Editorial: We recommend Lee Kleinman for Dallas City Council District 11
Dig a little deeper, however, and it’s clear they would be best served by Lee Kleinman, an entrepreneur and technology company investor. His 29-year-old opponent, Ori Raphael, has some grasp of the politics that make up part of a council member’s job but falls short on the substance of governance. Kleinman, who turns 54 the day before the May 11 election, has put in the time learning the politics while building the experience that yields superior governance.
Raphael, a former staffer for Republican U.S. Rep. Pete Sessions, is vice president for business development at FreshLoc Technologies, a company involved in wireless temperature monitoring over the cloud. He tends toward black-and-white solutions, understanding the value of a good talking point but too often not venturing beyond that. Still, he’s young and bright enough to give himself time to gain a broader, deeper understanding of how city government works, if he were so inclined.
District 11 voters looking to replace a top-flight council member in Koop should go with the far more finished product in Kleinman.
Unlike his opponent, he has immersed himself in city governance as a member of the Park Board and Dallas Zoological Society. This learning time, along with a demonstrated independent streak, has helped him better understand how city spending works.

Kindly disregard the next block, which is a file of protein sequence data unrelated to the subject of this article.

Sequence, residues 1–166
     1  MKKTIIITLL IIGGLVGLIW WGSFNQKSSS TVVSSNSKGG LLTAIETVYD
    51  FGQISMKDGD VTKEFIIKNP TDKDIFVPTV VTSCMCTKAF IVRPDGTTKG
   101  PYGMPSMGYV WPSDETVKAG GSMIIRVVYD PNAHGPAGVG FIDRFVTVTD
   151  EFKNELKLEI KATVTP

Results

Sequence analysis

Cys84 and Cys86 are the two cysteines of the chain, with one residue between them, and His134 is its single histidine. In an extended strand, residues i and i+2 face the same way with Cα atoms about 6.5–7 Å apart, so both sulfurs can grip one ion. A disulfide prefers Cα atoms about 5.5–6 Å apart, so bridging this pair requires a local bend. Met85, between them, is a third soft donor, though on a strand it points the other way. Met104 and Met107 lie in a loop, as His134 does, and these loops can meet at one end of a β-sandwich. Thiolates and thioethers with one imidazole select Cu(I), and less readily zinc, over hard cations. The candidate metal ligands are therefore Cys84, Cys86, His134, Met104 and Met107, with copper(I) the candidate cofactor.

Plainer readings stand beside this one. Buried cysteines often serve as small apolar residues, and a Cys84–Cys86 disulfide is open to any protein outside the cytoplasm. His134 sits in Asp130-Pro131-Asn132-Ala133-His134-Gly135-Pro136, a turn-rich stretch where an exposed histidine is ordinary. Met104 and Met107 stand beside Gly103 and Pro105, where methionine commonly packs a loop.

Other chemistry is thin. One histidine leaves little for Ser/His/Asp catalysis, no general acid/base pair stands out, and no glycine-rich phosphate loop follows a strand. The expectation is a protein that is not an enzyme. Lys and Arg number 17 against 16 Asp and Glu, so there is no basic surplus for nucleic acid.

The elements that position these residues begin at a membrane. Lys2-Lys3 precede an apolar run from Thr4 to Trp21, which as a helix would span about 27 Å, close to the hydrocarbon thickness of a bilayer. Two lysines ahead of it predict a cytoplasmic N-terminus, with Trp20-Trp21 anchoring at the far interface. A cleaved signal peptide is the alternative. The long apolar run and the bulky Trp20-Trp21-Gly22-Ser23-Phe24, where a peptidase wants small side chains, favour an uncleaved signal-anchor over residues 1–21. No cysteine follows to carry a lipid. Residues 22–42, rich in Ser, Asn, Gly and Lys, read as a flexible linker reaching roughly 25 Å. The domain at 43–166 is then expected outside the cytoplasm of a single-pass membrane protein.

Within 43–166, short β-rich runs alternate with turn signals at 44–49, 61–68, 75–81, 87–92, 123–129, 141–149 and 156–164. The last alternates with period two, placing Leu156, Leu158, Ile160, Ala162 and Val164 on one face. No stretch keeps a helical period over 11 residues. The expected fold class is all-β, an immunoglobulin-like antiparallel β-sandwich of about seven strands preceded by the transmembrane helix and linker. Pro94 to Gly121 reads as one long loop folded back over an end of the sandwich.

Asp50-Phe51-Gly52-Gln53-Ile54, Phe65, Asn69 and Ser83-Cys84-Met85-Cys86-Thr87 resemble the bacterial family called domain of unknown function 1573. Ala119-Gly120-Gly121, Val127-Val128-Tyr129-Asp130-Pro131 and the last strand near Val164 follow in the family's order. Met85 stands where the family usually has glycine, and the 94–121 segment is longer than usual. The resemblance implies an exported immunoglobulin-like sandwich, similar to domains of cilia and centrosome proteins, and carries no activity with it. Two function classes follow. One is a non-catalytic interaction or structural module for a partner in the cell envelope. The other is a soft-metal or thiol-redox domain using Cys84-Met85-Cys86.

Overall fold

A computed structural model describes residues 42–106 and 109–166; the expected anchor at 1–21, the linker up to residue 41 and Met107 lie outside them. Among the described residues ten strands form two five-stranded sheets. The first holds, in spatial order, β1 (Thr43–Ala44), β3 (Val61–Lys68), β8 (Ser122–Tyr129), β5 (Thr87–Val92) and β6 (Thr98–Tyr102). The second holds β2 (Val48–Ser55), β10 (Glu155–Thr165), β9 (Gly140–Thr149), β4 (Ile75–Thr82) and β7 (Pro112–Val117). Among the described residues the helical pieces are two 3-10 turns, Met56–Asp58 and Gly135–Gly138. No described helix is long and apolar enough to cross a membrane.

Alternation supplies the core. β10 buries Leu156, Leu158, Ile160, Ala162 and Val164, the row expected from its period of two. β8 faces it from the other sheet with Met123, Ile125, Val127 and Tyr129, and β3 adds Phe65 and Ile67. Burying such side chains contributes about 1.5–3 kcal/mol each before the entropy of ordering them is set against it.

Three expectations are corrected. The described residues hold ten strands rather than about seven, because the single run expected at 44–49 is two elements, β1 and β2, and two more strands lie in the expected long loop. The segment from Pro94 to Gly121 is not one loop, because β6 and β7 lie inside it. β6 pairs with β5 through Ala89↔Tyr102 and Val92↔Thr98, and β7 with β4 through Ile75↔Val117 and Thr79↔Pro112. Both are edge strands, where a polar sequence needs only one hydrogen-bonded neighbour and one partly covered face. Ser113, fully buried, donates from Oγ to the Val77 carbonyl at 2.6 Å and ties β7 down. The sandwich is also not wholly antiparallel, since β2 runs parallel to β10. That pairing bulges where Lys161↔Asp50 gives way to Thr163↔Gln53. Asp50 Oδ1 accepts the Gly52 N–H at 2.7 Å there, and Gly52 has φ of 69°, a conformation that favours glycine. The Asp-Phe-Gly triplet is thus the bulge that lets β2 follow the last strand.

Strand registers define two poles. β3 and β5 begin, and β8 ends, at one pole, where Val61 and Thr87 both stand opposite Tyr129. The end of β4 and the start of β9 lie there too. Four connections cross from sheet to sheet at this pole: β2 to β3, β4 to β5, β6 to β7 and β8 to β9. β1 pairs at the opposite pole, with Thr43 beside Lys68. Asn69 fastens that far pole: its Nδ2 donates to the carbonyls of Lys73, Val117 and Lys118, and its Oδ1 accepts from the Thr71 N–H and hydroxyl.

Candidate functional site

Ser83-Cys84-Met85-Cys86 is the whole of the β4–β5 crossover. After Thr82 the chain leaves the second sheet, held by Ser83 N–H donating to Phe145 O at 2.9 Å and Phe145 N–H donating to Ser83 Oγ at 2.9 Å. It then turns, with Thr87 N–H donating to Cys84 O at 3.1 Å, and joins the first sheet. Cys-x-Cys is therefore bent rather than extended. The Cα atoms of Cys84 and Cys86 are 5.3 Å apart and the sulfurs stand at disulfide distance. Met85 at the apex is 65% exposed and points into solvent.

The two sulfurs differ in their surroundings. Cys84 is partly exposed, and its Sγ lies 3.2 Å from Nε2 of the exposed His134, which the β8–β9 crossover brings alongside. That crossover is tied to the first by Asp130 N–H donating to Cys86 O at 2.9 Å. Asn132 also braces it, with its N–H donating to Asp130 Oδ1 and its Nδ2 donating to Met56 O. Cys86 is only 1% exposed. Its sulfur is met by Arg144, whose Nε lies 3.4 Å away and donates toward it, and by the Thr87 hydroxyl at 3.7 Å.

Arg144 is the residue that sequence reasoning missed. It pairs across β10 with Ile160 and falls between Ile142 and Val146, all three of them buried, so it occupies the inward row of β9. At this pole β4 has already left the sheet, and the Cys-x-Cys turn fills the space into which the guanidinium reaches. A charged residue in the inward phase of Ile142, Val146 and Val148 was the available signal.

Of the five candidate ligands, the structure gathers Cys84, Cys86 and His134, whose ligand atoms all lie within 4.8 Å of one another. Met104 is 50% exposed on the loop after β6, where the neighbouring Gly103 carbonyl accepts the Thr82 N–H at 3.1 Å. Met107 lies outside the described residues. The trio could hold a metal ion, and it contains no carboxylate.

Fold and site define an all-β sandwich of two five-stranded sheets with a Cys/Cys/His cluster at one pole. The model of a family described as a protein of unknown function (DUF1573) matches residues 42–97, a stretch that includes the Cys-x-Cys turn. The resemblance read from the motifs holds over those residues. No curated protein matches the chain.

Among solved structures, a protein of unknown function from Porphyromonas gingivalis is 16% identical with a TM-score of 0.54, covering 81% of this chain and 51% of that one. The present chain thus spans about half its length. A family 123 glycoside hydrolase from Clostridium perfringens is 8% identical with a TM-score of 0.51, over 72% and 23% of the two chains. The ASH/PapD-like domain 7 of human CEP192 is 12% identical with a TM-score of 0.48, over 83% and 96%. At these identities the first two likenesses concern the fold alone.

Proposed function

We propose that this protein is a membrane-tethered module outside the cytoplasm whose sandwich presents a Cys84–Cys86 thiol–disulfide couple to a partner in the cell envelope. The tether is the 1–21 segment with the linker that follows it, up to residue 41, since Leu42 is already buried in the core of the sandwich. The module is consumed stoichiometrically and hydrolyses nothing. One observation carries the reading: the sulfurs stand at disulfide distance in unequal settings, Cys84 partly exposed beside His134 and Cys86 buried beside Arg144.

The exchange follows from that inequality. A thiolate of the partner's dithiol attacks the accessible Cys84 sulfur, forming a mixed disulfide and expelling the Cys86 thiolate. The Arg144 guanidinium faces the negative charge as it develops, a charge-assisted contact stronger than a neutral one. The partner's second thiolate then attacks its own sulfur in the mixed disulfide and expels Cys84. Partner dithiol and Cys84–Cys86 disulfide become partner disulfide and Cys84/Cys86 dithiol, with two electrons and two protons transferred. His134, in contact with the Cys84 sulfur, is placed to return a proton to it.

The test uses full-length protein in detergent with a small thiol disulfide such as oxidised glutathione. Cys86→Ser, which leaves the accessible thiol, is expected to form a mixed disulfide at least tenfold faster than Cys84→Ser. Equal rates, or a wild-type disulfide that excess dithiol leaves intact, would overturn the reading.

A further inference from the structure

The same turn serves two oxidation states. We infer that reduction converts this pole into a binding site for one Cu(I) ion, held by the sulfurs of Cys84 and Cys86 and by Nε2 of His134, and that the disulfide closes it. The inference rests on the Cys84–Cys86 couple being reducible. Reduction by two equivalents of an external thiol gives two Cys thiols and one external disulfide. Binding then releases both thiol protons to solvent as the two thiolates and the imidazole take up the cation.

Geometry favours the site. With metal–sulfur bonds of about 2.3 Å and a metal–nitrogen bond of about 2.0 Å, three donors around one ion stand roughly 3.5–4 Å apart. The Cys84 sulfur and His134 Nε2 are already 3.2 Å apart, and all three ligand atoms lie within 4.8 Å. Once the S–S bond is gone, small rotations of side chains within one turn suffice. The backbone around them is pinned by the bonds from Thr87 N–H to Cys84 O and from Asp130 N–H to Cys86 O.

Both candidates pledge to hold the line on property tax rates, for instance, but Kleinman displays a stronger background in how the city can spend taxpayer dollars wisely while also watching the bottom line. He correctly notes that debt service is a looming issue and wants the city to reduce its reliance on big-dollar bond programs.
Similarly, Kleinman understands how overinvestment in southern Dallas can pay off for all city taxpayers by increasing the tax base in the half of the city with the most room to grow. Raphael, on the other hand, favors closer to a zero-sum approach, with the parts of town contributing the most tax money getting more back in programs and services. That logic, while possibly seductive in a wealthier council district, offers little hope for bridging Dallas’ long-term north-south divide.
Kleinman oversees day-to-day operations for Bridge Metrics, a business-to-business software company, and speaks from a position of three decades of experience in managing finances and implementing best practices.
In the future, with stronger preparation, Raphael could prove a solid council member. In the here and now, District 11 voters should go with the superior choice in Kleinman.
One in a series of Dallas Morning News candidate recommendations.
Coming soon: More recommendations in selected municipal and school board races.
Voter Guide: To hear from the candidates in their own words, visit dallasnews.com/localvoterguide.
Early voting starts: April 29
Election day: May 11
For more information: Call the Dallas County elections office at 214-819-6300, or visit dallascountyvotes.org. For more help, including how to check your voter registration status, contact the Texas secretary of state at 1-800-252-8683 or visit votetexas.gov.